We all had our money on the metalhead. The fight was supposed to take place in the usual spot, three miles from town in a clearing in the woods beside an abandoned shack and a seasonal creek that happened to be dry that time of year. The other kid, a redheaded pipsqueak about my size, was mouthing off beyond what anyone predicted, and the metalhead, whom everyone kind of feared because of his long hair and self-inflicted scars and tattoos and silent teeth-gritting lack of interest in all of our classes, the other students, the football program, and just about everything else our fourteen-year-old minds cared about—even girls!—this metalhead, whose name I’ve forgotten, was predicted to mop the floor with the redheaded kid in seconds.

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Halfway through my seventh decade I realize I have gained in modesty, at least in the sense of exposing skin. It is partly because I have a clearer vision of my nerd body’s attractiveness. My face is a thing of no great beauty. My dear Cheryl refers, affectionately I believe, to my toothpick legs, and my cardiologist told us that my sunken chest added risk to the standard rib-cracking heart valve replacement procedure. There is little danger that the sight of my body will be inciting lust in the general public. But, mostly, I keep it well-covered because I’m a contrarian crank playing Canute to our post-modest times, in which a twerking Miley Cyrus thrives.

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TORCIDA / ASKEW by Daniel Aristi

Se me puso ella fractal esta mañana, fractal, la cara toda triángulos & rombos & retorcida que se rompía. Pero ya que los mansos vamos a heredar la tierra quemada, esquivé sus reproches, grandes e infinitos como trenes carboneros…y yo, imbécil de mí, voy y me monto en uno, a lo errabundo, por discutir, porque son tan jodidamente largos y lentos, y me muero alto y claro en dos segundos. Ya incluso la cocina se sentía diferente, más lenta, como si estuviera bajo el agua. Y entonces miro al reloj y son las seis. La tía Rosa solía decir que una pareja es igualita que las dos manecillas de un reloj: por siempre separándose y rejuntándose otra vez, así que al mediodía hay amor lleno y a las seis, que es como una espada, sólo queda el odio.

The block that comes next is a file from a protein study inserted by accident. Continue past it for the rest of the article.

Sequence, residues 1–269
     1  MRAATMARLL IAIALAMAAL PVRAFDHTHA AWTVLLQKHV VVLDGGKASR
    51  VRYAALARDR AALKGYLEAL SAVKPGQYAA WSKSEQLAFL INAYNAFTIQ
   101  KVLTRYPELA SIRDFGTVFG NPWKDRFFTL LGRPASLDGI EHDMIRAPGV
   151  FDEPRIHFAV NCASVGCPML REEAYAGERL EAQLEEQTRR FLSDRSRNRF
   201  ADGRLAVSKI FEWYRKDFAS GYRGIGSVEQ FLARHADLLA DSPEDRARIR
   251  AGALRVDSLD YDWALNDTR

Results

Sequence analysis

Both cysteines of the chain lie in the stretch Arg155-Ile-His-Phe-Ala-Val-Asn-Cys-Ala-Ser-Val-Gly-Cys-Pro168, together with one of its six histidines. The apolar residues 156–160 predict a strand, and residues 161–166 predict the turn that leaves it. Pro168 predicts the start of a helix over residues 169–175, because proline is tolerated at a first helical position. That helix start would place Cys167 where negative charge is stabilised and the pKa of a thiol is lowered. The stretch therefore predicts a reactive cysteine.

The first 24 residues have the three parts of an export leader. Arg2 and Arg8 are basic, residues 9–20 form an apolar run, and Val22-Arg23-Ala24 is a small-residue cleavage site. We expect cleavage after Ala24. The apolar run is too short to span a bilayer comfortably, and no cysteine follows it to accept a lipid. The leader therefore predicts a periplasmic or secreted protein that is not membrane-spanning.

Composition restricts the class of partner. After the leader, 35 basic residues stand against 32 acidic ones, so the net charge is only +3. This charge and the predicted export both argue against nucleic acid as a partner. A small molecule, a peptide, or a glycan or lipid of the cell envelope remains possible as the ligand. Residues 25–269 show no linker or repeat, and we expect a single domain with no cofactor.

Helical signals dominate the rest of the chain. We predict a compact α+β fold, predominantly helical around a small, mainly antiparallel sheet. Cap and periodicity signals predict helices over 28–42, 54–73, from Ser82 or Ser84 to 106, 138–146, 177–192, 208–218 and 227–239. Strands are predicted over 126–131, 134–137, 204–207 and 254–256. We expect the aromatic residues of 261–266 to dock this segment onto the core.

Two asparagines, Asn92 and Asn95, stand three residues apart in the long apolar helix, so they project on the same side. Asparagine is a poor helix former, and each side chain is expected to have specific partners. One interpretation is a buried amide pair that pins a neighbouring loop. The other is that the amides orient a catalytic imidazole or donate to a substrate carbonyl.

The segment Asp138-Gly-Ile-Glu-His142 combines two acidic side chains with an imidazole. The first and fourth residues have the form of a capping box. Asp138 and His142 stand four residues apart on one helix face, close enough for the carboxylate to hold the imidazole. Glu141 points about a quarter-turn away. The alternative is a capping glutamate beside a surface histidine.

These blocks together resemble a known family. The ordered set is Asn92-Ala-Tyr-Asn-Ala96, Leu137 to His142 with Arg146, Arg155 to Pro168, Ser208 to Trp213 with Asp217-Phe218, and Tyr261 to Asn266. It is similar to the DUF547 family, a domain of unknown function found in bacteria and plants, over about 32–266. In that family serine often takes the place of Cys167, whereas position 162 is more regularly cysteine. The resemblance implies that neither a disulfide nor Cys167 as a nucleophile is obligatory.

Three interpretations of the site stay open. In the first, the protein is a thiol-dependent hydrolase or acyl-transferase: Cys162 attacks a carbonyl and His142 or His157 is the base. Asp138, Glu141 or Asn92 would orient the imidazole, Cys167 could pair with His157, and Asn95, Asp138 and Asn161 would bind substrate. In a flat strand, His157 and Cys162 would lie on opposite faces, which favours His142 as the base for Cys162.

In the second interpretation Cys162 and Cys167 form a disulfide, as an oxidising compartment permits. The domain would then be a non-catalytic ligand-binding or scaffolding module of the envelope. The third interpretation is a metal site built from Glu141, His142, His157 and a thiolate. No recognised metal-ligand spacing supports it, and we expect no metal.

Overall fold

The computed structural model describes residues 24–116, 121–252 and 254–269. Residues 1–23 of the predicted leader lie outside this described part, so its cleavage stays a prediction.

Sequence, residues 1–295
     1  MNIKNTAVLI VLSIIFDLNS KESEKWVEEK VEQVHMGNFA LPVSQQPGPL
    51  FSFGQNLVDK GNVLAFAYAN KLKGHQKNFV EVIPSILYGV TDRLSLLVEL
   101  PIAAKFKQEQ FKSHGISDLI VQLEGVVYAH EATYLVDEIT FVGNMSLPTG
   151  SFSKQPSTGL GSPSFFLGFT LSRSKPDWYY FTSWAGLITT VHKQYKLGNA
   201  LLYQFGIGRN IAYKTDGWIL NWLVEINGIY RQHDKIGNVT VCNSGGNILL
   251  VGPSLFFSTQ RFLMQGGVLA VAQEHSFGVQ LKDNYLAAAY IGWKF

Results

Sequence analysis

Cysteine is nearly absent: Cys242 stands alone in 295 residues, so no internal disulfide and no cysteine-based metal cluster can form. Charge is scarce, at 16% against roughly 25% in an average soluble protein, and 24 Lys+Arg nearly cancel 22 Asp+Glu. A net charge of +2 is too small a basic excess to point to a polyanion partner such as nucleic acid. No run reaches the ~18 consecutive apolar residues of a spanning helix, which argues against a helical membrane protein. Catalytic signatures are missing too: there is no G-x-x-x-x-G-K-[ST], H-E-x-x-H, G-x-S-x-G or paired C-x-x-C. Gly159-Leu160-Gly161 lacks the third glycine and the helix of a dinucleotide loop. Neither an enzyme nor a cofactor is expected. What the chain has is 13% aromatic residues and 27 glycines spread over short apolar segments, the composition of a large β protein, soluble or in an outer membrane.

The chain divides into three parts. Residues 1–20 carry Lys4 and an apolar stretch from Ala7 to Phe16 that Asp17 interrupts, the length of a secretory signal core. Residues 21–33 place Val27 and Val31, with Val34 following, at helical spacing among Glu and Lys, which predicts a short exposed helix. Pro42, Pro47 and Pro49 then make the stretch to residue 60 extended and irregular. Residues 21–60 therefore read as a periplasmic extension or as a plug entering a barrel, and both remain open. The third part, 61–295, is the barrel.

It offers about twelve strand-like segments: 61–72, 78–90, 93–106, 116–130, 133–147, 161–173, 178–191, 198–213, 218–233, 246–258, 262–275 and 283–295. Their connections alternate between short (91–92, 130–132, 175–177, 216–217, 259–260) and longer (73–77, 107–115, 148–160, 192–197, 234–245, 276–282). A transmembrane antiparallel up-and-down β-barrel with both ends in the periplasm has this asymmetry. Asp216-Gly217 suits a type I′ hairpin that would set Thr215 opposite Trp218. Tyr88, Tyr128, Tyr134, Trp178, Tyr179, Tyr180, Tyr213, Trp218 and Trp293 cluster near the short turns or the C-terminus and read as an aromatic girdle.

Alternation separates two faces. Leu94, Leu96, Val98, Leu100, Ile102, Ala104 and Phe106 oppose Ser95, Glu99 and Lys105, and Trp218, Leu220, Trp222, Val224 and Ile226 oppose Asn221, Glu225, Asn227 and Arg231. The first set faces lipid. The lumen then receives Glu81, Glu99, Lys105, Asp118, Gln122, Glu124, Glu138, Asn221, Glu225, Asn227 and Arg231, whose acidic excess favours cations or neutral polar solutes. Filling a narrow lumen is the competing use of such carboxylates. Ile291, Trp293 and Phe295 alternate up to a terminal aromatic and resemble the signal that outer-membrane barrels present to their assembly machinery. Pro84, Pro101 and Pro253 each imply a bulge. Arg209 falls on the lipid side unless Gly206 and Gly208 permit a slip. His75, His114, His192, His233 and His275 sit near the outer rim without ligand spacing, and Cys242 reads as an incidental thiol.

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No one really expected the world to end like this. For one thing, it took too damn long. People want bad things to happen like a pulled-off Band-Aid rather than the slow pushing of a knife. Instead, this is how it happened: gravity just plum up and left. Everything not tied down or deeply rooted floated away. Cars, umbrellas, little squirrels, everything. Big lakes seemed to erupt like geysers and their poor fish flapped and flailed in the atmosphere growing thinner and thinner and waited, with increasingly cloudy brains, for the splash that never came. People held their beloved family pets on leashes like balloons and children cupped their goldfish in upside down hands until they could figure out how to refill empty bowls. Some people seemed relieved, though, to no longer be burdened with the daily decision to live or not. They just let go and that was that. Others held on white-knuckle tight, pulling and floating their way into hardware stores for ropes and chains and bungees to tie themselves down with. Some people seemed to have been expecting something like this.